Two weeks ago, we launched London’s Poverty Profile 2020. It wasn’t the launch we had planned.
Before the pandemic, we were mostly preoccupied with how the new government might tackle poverty, particularly whether their intention to ‘level up the country’ might mean that London’s poorest were forgotten. This is how the data in London’s Poverty Profile would have been framed.
I’ve heard some say that the ‘levelling up’ agenda will return with a vengeance once we are through the crisis, others have suggested it is an agenda that is impossible to fund given the current scale of spending. Politics after COVID-19 is anyone’s guess, but I do think it is safe to say that poverty and inequality will figure prominently.
We thought that the data in London’s Poverty Profile would help make the case for London as it looked set to be overlooked by government. Instead, it has become the baseline from which we measure the impact of COVID-19 on poverty and inequality in the city so that, as we emerge from the crisis, we can understand the key issues and work to address them.
Thankfully our partners, WPI Economics, have created the Profile in a way that enables us to update the data much more frequently.
If you look through our indicators, almost all could be affected by the current crisis.
This means the next few months will be focused on ensuring that when public agencies release data it is incorporated into our website.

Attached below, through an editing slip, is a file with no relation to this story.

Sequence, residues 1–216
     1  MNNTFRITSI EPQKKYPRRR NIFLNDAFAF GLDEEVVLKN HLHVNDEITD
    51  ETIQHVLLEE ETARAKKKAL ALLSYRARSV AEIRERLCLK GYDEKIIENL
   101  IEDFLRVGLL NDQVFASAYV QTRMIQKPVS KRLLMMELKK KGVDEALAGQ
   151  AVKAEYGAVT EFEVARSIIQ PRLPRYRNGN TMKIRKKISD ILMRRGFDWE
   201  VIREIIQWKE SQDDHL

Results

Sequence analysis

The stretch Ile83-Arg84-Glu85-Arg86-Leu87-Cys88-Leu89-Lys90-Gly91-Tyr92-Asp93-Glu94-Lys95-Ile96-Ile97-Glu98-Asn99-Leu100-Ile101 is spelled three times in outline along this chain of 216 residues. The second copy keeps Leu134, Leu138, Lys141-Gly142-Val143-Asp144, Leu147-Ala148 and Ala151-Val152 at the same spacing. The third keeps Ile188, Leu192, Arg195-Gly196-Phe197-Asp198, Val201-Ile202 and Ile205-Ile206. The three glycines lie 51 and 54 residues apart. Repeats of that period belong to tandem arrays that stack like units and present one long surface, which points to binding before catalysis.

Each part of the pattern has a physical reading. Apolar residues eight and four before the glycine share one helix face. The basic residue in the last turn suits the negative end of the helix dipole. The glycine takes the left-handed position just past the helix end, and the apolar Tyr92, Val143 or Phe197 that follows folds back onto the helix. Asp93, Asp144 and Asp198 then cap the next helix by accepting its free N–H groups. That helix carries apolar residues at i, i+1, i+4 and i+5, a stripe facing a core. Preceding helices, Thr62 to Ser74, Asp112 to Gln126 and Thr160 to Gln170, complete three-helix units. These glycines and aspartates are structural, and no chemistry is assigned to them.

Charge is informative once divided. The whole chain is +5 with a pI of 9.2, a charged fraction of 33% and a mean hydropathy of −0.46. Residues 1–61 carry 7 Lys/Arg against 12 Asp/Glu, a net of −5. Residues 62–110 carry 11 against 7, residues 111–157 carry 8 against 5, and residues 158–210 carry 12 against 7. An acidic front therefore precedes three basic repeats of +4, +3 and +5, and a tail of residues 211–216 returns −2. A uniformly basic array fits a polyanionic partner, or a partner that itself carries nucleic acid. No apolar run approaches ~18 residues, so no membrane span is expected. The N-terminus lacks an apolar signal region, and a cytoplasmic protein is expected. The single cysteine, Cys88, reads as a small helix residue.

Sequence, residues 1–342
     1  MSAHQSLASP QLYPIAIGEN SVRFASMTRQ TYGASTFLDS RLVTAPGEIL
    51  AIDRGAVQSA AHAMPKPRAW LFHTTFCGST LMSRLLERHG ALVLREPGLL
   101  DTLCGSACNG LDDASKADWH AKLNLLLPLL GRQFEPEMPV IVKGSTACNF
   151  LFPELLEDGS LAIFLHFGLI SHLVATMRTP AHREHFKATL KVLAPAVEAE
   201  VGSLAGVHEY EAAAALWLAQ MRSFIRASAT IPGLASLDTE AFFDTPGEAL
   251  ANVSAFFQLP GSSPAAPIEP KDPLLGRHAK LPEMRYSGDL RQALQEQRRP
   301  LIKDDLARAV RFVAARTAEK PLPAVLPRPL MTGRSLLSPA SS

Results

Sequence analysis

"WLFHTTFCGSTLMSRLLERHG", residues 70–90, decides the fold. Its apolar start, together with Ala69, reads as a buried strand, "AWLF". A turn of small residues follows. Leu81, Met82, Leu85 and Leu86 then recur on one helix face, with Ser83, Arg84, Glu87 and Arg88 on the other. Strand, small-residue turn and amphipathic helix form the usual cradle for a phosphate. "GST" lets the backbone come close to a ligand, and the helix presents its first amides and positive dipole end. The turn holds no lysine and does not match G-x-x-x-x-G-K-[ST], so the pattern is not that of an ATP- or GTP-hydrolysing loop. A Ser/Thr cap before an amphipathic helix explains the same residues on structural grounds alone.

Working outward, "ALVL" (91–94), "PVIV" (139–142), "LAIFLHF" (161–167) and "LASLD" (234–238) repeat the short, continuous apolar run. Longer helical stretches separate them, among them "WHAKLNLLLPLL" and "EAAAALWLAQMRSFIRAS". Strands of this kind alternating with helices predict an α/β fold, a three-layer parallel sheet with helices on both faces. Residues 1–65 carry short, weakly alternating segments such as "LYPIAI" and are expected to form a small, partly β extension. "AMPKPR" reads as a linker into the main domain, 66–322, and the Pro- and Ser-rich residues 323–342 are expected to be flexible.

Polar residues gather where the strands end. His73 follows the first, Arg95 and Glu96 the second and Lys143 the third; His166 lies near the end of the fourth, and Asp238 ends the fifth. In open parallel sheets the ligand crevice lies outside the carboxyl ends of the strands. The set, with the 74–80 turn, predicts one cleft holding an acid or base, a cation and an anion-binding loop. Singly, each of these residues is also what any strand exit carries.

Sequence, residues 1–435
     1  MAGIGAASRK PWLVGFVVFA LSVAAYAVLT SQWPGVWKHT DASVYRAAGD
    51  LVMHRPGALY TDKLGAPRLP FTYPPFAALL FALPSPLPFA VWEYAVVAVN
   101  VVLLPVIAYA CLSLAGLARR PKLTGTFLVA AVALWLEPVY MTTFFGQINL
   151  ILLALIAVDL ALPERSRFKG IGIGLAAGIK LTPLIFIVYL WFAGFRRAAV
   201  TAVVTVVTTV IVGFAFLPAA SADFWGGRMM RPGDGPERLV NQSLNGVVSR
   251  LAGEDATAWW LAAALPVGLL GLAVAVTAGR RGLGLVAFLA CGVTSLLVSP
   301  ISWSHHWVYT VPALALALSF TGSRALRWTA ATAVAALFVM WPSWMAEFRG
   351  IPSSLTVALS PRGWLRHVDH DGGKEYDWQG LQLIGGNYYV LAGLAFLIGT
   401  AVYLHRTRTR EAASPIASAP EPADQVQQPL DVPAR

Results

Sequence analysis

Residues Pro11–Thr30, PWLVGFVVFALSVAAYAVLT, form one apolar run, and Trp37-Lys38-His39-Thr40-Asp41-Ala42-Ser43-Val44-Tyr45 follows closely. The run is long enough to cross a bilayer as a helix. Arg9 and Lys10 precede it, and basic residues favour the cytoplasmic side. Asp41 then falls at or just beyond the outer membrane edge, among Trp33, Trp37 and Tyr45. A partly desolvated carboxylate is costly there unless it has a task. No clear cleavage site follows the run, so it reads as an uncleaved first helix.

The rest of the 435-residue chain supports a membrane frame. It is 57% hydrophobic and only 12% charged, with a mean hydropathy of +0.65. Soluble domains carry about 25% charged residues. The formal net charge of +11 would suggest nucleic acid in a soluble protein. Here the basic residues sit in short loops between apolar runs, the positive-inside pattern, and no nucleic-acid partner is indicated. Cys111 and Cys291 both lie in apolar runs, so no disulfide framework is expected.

One of the most popular features of London’s Poverty Profile was the ranking of local authorities against the different indicators. We know that most people like rankings (some local authorities didn’t!), but we made the difficult decision to remove them for now. This is because we want to come up with a better system than before, where we ranked councils from 1 to 32. Instead, we want to allow boroughs to compare themselves to other boroughs that are similar in nature, or those that they neighbour. We feel like adding more context to comparisons will ultimately be more useful to our users. You can still view stats on each borough separately here.
We’ve partnered with the Consumer Data Research Centre (CDRC) at UCL to bring more sophisticated maps to London’s Poverty Profile. Some of these are now included, such as this fascinating map that uses the Index of Multiple Deprivation to show the most and least deprived areas ranked across London, as opposed to the whole of England which is what we normally see. Expect more of these types of maps being added throughout the year.
But we have barely scratched the surface of what we can do with experimental data sources. The core of the Profile will always be highly robust government and survey data, but there is lots of other types of data that can give us insight into poverty and inequality. Working with CDRC, we plan on exploring one issue in particular: gentrification. This thorny issue is much more complex than you might imagine. We want to gain a better understanding of how London’s neighbourhoods are changing, who is moving and who might be benefitting.
We also want to hear from those that use the data to make the case for change - campaigners, policy-makers, funders, journalists and researchers - to understand what is working for you and what you would like to see more of.
If there are things you would like to see from London’s Poverty Profile, please do drop me an email and we will see if it can be incorporated.